Will Willton, technology writer and online film critic.
Like many of you, dear readers, as I refreshed my Twitter feed this morning I wish I could say I was shocked when the BBC announced the next Doctor Who would be a woman.
English actress Jodie Whittaker, who appears in last night’s trailer as neither white nor male nor in a scarf and tweed jacket, has been cast as the next reincarnation of the famous Time Lord in a move that is sure to upset me everywhere.
Let’s for a minute put aside the logical leaps of this choice: Why would an alien who transcends time and space choose to appear in a different form now? Frankly I can’t think of a single reason. All I know is that it’s clear this show isn’t about the serious intricacies of fictional theoretical physics on TV anymore, and is now just about gender politics. Oh how the mighty have fallen, dear reader.
Which of course brings me to Hermione Granger. I was actually pleased last year when in the London production of Harry Potter on stage the famous character was cast as black. After all, I have been in support of Idris Elba being cast as James Bond for a long time; a man of any race should be able to save the world, sleep with various busty women, and be a general legend like him. Skin colour shouldn’t even come into which man plays Bond, Dr Who, or Hermione Granger.
Hermione Granger is undoubtedly the best character in the Harry Potter universe. She is smart, brave, fierce, cares about the underdog and is an excellent role model for men everywhere. If only she had a male equivalent character for us to relate to and admire in the same way. What do we get? The lukewarm and temperamental Harry Potter and beta male Ron Weasley. Not good enough I say.
It’s like this: when you see yourself idolised in pop culture, you start to believe you can be the idol as well. I’ll never forget the first moment I watched John McEnroe scream at the umpire and thought: I can do that one day too. This is where the next generation of heroes are created, not in the parliament but in the living room. If we don’t start casting roles like this as male then men will only get a view of the world where they are the exceptionally lucky lead characters, or silly sidekicks, while women do all the work behind the scenes. I ask you, humble reader: is that realistic?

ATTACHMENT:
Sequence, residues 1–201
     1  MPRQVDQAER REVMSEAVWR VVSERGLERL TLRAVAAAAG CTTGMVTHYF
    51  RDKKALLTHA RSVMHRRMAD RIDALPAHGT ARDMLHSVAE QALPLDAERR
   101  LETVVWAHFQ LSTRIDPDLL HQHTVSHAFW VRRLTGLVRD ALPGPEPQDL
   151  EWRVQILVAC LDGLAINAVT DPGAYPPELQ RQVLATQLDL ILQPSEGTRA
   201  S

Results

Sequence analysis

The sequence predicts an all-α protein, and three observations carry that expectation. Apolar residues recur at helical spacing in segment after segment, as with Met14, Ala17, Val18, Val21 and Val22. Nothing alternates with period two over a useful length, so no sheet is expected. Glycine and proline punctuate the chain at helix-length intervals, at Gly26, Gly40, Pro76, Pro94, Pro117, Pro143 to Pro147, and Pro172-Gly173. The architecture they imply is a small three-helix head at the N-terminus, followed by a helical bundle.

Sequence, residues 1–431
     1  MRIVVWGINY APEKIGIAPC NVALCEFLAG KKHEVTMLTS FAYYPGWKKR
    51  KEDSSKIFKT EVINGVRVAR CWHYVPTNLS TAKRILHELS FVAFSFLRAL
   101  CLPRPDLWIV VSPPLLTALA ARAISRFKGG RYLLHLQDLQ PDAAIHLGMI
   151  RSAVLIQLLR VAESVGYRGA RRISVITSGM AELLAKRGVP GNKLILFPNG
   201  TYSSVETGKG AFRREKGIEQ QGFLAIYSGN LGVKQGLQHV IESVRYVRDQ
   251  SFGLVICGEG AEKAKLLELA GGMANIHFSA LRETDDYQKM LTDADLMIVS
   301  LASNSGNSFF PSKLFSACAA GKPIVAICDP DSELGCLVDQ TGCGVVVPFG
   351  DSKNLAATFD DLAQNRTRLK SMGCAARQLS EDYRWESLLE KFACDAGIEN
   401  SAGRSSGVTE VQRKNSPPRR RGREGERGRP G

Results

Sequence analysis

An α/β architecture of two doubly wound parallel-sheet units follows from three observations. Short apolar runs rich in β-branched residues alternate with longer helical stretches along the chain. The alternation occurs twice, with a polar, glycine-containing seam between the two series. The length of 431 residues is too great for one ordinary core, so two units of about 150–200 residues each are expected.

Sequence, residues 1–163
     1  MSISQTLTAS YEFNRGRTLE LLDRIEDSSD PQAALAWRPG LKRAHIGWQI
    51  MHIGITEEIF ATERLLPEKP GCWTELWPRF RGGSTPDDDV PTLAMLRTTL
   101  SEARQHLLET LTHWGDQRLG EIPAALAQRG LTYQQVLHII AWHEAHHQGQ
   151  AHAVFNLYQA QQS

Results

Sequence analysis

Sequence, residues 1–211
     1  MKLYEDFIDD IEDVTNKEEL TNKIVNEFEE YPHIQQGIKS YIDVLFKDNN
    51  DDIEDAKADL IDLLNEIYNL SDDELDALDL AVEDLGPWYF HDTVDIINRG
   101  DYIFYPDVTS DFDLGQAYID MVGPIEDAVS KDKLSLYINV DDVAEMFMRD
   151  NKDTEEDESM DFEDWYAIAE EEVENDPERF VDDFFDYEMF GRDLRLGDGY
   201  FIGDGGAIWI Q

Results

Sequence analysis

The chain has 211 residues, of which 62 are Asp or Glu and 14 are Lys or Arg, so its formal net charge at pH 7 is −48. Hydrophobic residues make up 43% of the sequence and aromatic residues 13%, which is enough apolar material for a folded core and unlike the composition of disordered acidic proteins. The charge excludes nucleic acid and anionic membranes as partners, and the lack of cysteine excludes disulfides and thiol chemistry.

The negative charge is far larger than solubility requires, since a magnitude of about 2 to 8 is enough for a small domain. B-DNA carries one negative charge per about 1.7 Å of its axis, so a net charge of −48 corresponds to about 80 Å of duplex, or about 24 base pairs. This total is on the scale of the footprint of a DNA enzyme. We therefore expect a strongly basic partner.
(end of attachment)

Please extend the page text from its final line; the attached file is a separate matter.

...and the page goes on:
The Doctor Who casting announcement is a slap in the face to men particularly as it is on the same day Roger Federer has won his record setting eighth Wimbledon final. Now I’m not suggesting that Mrs Who’s casting was intentionally timed to play down the successes of honest, hardworking men like Roger Federer, but where there’s smoke, nine times out of ten there’s a flaming bra at the source.
If these politically correct social justice warriors really wanted equality between us then why don’t they acknowledge that Jodie Whittaker should only appear in three out of every five episodes, at least until sports like tennis receive an identical amount of attention to gender equity, and women start having to play the same number of sets as men?
When I started the #HoratioGranger campaign I was amazed at the reaction I got from people who thought like me, but I’m yet to see JK Rowling tweet a witty response to any of our challenges. Interesting, no? It’s almost like she’s pretending not to have seen my tweet. But I will not be silenced. I’m encouraging all my followers to tweet her every day until she finally acknowledges me and my campaign. The UK’s richest woman can’t ignore the demands of a silent majority any more!
With all the silence on this issue you’d almost think the casting of a fantasy character means nothing at all.